The Private Forests Tasmania wood processor directory for 2015 has been released.
Here’s my review of the 2014 directory:
This Directory has been primarily developed to help private forest owners with logs for sale to identify potential buyers. As well as enabling the forest owner to more easily locate and contact primary wood processors, it also identifies the log types purchased by them.
There is also a mutual benefit: this Directory will also help the listed primary wood processors to source logs from the Tasmanian private forest estate.
The Directory is a listing of 37 of the estimated 56 primary wood processing businesses, regardless of size, that Private Forests Tasmania (PFT) believed were operating within the State of Tasmania at the time of publication. Their inclusion in the Directory has only been with their consent. All the data was collected directly from them, including permission for PFT to list their business within this Directory. Not all processors either replied or agreed to be included in the Directory but PFT hopes that, over time, more will see the benefit of participating and that future editions of the Directory will list a greater proportion of the State’s primary wood processors, regardless of size.
Compared to last year only 37 of the estimated 56 wood processing businesses in the State are listed this year. Of these only 14 indicate they are interested in purchasing blackwood logs from private growers (blackwood or special species), down from 21 last year.
What does this reduction in blackwood processors/buyers indicate? Does it indicate a shrinking market? Or are businesses just choosing to stay off the Directory?
Last year 21 of 45 listed businesses were blackwood buyers, which to me indicated a very crowded marketplace. Perhaps too crowded given the limited private blackwood sawlog resource.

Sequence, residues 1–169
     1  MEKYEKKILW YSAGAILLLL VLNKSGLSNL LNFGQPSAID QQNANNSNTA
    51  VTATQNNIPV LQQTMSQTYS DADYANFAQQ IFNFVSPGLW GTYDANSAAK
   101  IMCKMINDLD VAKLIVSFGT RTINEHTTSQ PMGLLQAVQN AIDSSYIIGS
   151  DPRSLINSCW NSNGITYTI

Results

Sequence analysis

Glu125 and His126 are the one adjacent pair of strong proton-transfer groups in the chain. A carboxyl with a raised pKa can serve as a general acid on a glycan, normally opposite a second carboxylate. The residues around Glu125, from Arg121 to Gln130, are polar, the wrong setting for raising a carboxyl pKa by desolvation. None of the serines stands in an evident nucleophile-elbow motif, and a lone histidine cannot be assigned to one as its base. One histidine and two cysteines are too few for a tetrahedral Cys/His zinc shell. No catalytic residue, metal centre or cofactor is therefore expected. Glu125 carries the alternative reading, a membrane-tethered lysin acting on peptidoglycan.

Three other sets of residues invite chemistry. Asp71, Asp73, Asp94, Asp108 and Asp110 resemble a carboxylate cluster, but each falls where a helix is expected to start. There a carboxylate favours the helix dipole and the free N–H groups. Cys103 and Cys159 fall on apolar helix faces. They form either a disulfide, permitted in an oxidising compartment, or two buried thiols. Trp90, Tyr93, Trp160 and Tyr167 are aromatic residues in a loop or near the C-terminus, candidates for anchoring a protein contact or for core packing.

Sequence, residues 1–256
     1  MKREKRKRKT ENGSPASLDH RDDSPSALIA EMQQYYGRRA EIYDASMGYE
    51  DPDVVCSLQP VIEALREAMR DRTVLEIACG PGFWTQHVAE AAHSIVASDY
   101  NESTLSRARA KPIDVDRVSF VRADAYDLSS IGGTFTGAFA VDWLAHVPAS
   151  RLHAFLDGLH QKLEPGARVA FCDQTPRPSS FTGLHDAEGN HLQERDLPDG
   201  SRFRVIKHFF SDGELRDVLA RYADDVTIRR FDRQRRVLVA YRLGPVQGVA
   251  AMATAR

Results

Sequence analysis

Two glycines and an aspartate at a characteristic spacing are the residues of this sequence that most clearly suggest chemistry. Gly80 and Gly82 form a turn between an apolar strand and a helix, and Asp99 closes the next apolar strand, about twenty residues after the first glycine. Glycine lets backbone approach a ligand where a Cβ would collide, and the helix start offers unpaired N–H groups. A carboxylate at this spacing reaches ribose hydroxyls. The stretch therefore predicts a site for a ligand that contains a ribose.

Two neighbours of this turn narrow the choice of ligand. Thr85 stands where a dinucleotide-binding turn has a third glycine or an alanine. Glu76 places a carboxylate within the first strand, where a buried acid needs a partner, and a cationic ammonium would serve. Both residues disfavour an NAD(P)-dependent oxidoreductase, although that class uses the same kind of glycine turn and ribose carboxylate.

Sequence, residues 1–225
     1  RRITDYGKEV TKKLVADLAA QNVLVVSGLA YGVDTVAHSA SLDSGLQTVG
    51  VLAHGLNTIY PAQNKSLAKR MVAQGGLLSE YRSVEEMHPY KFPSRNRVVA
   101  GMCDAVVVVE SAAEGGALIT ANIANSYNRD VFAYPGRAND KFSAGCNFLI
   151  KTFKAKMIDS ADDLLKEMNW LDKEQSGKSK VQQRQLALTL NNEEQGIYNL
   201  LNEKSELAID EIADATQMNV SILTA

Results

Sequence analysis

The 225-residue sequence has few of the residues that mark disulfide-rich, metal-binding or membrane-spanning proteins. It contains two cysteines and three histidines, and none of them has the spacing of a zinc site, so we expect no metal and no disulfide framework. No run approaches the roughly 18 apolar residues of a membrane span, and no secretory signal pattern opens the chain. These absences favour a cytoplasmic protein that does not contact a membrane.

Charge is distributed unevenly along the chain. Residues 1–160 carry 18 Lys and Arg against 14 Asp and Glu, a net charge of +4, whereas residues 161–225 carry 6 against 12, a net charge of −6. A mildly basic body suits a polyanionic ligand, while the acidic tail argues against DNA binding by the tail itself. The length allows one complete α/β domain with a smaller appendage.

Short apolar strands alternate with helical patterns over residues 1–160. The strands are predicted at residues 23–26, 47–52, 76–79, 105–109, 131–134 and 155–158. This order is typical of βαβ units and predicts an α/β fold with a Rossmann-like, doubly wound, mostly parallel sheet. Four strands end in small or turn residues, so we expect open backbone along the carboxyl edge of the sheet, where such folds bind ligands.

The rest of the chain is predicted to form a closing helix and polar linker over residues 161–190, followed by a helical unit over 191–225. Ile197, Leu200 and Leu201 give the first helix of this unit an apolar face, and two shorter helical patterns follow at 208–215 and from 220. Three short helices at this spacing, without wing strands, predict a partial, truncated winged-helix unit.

Even 14 of 37 businesses in 2015 is still too crowded in my opinion.
The Tasmanian blackwood industry needs to be more commercial, efficient and profitable. This means fewer processors who are processing larger volumes more efficiently, accessing more valuable markets and offering growers better money to encourage more blackwood growing.
Do these processors understand the critical part they play in ensuring the future of the industry? Or are we still in salvage mode going nowhere?
Commercial blackwood growing needs to be transparently and abundantly profitable for the industry to have a future. Right now we are a long way from that.
Personally I believe the blackwood log exporters have the best chance of helping to change the current situation and make the blackwood market more transparent and profitable.
PS. Curious how the most obvious things are sometimes the hardest to see. I just realised that Britton Brothers P/L, by far the largest blackwood sawmiller in the State, is in the directory but does not specifically list blackwood in the Logs Purchased list. Clearly the directory lacks some clarity and detail.